Beef shortage because of COVID-19 felt across the country, officials say

By | March 20, 2020

CALGARY — Officials in charge of maintaining beef supplies in Alberta and throughout Canada say they are working hard to maintain business continuity in the face of the coronavirus pandemic.

At a town hall meeting Friday afternoon, the Canadian Cattlemen’s Association (CCA) says it is thankful for the federal government’s support in keeping cattle and beef products moving back and forth across the Canada-U.S. border.

Dennis Laycraft, executive vice president of the CCA, says “preparations are key” as the industry works through the challenges posed by this unprecedented situation.

“We are in continued contact with producers,” he said. “There is an extraordinary demand for beef products.”

He adds many producers have boosted production at their facilities to take place six days out of the week.

Shortages in products and workers

Many customers looking to fill their shopping lists as the pandemic has continued to intensify have been met with bare shelves in many grocery stores.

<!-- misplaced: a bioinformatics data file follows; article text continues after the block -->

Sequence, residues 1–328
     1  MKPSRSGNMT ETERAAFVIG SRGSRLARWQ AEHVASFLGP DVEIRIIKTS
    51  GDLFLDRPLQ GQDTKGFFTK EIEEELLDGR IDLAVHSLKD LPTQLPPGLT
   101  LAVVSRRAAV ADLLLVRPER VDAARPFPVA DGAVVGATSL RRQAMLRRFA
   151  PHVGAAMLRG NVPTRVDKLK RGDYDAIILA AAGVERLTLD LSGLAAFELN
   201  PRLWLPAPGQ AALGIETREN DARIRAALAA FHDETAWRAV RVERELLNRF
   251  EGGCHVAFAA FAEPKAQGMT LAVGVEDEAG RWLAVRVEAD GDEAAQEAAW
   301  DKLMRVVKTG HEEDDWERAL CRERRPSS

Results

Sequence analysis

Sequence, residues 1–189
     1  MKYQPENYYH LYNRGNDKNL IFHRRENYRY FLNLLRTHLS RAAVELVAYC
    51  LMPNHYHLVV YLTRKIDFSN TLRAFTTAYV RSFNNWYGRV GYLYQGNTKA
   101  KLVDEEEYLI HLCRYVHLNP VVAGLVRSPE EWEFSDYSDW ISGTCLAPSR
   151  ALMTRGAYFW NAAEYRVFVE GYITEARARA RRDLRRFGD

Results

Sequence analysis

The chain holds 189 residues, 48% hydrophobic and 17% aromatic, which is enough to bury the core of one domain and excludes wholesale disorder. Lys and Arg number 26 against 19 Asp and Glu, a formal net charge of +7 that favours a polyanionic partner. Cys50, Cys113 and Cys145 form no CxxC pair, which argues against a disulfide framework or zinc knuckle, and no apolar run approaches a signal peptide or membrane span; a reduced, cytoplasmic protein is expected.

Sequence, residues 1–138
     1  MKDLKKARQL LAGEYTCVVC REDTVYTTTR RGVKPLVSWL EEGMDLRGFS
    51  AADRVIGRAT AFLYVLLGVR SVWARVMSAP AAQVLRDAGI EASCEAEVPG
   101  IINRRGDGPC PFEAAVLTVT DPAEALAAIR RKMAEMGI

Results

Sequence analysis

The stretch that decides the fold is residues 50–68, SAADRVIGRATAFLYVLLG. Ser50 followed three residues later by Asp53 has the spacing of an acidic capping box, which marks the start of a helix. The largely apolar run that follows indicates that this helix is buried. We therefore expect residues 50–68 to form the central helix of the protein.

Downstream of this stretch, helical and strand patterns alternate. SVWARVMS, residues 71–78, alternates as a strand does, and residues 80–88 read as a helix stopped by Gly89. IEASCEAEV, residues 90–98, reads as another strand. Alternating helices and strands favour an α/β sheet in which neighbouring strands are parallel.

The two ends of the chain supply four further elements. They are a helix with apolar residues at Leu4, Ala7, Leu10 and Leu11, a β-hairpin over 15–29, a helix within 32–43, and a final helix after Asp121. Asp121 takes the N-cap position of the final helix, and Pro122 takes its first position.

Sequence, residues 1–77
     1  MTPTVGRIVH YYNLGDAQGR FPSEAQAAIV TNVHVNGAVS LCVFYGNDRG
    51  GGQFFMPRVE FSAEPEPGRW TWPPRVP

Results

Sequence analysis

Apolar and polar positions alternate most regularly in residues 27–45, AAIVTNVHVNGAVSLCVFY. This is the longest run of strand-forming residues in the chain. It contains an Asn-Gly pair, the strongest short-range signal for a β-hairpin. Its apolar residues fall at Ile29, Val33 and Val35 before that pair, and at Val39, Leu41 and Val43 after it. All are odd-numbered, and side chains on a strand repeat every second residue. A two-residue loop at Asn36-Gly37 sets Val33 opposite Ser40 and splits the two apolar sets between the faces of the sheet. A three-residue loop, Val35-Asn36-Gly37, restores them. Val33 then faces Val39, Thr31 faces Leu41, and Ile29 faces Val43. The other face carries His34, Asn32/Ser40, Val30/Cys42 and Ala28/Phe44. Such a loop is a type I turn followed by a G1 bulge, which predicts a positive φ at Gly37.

“Nobody saw it coming,” Laycraft says. “We certainly want to do everything we can. We are in literally daily contact with producers.”

It’s not just customers that are seeing shortages, but producers themselves are also feeling the pinch.

Janice Tranberg, president and CEO of the National Cattle Feeders, says there is a lack of workers at processing plants too.

“Access to workers is a big issue, so that’s why we’re asking the temporary foreign worker (TFW) program be amended.”

In June, the federal government said it was experiencing an increased number of applications and employers were facing waits of over 100 days to find out if their requests could be fulfilled.

She added they are also looking at the possibility of extending the work permits for existing TFW so processors can keep up with demand.

There is no timeline on when either of these requests could be met.

Further resources about the beef industry and the COVID-19 outbreak can be found on the CCA’s website.

(With files from the Canadian Press)

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